Dave hammered out the hills on his single tallish gear. I felt obliged to follow suit, and remained shiftless on all but one climb throughout the day. I take back what I said earlier about alpine skinny being the most restorative thing I know--desert skinny aboard SS's comes darn close.

Did I mention the swoopdiddlyiciousness of this trail system?

Unseasonably cool June temps were a treat all through this day. Though the temps have crept high enough that going back this weekend won't happen, some version of this trip needs to take place in the fall.

Who's in?



  1. Looks like you made a good choice to stay North.

  2. Holy thanks for sharing - amazing pics!

  3. Did you ever think of putting together a compliation of your best photos and publishing them in some big glossy book?

    You have some serious photographic talent.

  4. Thanks, needed that and, I need to get out on my own 'refresher.'

  5. damn. just damn.
    nice work.

  6. MC,
    Your photos getting better & better!!!!!!!!

  7. Mike, Absolutely awesome! I truly need to get out there and ride sometime soon.

    Thanks again for sharing.

  8. Beauty pics :-)

    So did you guys go all the way to the top of the tower?

    It's quite the climb...

  9. Great to meet you face to face finally. I see you ended up where I rode on the way down. Until next time...Steve

  10. We went all the way up. Mike seemed a bit gripped up there.

  11. mc, i've come to expect nothing less than amazing pic's on here, but sweet f-ing sh!t, some of those shots seem too "perfect" to be real. i'm just getting the biking bug back for the first time since pulling the plug on the gdr last year, thus looking at these pic's has me just about drooling on my computer... might just have to think about joining you in the fall.

    btw, shoot me an email if you get a chance ( i had a question for you and i don't think i have your email.

  12. Mike, I've been a long follower of your exploits and web diary. Love the photos and the stories they tell.

    I get a few days in Colorado this Sept and hope to create similar moments in time. Any tips for not to be missed places? I'll be on a tight budget, camping, cooking, and riding, hopefully with a new puppy in tow.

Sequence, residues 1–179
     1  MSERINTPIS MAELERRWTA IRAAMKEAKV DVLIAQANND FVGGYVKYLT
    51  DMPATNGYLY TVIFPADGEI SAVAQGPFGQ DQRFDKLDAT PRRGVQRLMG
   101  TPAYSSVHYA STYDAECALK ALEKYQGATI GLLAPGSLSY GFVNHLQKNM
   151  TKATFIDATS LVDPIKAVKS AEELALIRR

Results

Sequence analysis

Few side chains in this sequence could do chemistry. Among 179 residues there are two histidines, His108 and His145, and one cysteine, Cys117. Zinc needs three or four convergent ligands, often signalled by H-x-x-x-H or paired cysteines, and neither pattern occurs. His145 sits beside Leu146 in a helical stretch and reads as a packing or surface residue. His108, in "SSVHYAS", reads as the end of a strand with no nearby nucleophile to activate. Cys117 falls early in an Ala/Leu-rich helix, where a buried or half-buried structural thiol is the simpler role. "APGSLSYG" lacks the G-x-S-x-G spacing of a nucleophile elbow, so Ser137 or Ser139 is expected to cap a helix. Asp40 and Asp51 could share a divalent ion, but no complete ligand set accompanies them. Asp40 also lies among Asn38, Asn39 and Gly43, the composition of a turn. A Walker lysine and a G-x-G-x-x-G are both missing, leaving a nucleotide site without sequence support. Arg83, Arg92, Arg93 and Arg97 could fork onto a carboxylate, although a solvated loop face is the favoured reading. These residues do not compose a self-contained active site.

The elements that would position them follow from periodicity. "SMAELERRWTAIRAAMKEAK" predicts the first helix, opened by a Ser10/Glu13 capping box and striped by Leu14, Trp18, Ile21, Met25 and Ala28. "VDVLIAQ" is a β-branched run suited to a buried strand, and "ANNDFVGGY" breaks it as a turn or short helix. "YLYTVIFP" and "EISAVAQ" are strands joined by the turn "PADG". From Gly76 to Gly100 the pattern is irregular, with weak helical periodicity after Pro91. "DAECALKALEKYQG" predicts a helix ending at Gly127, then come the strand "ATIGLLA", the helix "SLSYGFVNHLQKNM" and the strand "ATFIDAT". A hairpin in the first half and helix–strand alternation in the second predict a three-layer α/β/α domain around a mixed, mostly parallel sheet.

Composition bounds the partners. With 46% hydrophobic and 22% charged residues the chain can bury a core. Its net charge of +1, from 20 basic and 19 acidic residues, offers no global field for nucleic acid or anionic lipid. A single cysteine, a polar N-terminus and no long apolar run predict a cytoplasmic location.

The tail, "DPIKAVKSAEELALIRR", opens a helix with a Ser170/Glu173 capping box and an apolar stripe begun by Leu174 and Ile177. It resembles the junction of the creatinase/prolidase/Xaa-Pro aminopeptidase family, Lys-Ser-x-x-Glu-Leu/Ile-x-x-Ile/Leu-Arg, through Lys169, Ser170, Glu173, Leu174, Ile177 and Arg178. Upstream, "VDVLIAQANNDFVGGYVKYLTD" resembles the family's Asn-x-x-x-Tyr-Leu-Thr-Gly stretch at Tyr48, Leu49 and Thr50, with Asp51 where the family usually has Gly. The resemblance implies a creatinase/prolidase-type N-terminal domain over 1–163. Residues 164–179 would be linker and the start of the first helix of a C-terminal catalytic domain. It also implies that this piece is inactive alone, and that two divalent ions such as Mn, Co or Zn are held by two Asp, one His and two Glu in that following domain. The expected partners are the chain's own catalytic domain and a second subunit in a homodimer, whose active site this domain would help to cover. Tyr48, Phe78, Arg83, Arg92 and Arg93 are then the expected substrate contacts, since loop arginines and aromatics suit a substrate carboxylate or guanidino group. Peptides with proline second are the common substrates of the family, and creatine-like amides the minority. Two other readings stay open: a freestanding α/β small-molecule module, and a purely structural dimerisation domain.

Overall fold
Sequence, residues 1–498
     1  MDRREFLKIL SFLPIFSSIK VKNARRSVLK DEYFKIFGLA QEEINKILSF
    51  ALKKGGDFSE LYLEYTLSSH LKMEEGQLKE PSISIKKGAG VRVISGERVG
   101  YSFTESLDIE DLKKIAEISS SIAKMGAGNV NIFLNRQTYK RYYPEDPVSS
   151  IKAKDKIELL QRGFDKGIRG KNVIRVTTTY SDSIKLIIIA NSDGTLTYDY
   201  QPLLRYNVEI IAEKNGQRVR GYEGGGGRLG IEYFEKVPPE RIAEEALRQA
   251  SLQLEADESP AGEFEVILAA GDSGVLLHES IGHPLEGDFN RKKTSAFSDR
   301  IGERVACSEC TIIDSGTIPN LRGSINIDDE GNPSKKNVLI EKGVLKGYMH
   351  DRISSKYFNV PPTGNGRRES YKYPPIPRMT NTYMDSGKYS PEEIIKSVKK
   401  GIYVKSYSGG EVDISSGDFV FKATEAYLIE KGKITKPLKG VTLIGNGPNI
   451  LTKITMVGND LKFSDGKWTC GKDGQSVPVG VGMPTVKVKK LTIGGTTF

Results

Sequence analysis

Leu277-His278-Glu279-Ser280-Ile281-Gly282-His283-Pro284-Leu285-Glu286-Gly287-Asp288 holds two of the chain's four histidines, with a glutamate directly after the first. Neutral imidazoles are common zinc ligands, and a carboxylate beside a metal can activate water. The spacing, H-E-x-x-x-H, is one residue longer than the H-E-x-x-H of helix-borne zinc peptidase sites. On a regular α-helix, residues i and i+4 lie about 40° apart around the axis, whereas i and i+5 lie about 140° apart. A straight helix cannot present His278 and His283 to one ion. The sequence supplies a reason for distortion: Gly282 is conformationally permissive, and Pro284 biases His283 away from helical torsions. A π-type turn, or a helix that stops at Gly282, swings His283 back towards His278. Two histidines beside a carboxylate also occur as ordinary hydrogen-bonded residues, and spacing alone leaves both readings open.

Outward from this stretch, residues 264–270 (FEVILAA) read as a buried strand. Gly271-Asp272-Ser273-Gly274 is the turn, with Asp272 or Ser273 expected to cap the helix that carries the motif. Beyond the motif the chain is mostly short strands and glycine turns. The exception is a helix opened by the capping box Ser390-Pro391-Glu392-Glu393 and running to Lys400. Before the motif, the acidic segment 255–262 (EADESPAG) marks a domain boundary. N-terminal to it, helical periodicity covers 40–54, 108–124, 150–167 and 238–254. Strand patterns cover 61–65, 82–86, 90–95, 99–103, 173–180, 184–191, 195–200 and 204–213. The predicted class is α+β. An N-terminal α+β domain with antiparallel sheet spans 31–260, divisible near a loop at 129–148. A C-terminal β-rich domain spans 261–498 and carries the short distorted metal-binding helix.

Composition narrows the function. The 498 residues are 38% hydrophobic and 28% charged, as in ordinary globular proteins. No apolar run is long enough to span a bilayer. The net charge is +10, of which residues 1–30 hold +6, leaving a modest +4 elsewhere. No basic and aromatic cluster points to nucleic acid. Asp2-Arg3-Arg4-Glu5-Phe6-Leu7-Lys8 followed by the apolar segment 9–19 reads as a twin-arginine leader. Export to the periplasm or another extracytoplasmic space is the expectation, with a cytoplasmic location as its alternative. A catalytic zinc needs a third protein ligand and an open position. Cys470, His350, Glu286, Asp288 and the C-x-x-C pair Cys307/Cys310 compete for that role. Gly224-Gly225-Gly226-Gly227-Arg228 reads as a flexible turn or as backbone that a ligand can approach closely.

ps. I have a licorice hidy hole in my Epic Designs frame bag. Eric does great work.

  13. These shots are amazing! I'm headed out on a trip to Peru in the near future and am looking to pick up a great point and shoot..which I have to assume is what you're using because lugging around a SLR on long mountain bike adventures just doesn't seem very feasible. If you don't mind, what camera are you using, and how much post-processing, if any are you doing?



  14. Thad--Crested Butte and Durango. World class riding, free (and easy) camping nearby in the nat'l forest.

    Aimee--Canon SX200IS. Only downfall to it is a proprietary battery, but they're cheap (like $5) on ebay. I do limited post processing--usually just add a bit of saturation (in lieu of the polarizing filter I would use if I had one for this unit). I also have a Canon SD2000IS that I like very much. Plus is that it uses AA's. Only downfalls are lower quality (relative to the SX200 above) video, and much less zoom capability.

    Both are great. If pressed to choose just one, in winter I'd pick the 2000 (for ability to use AA lithiums) and in warmer months I'd use the 200.


  15. "Like minded souls"

    Amen to that. Great riding with you MC.

  16. ...'linked' over from drunkcyclist...

    ...thank you...awesome fotos of an incredibly beautiful place to ride...looks like it would even be doable on a cyclo-cross rig (my favorite way to roll through the landscape)...

  17. linked as well from DC.

    Wow. Just wow.

  18. glad I happened upon this blog. Nice photos.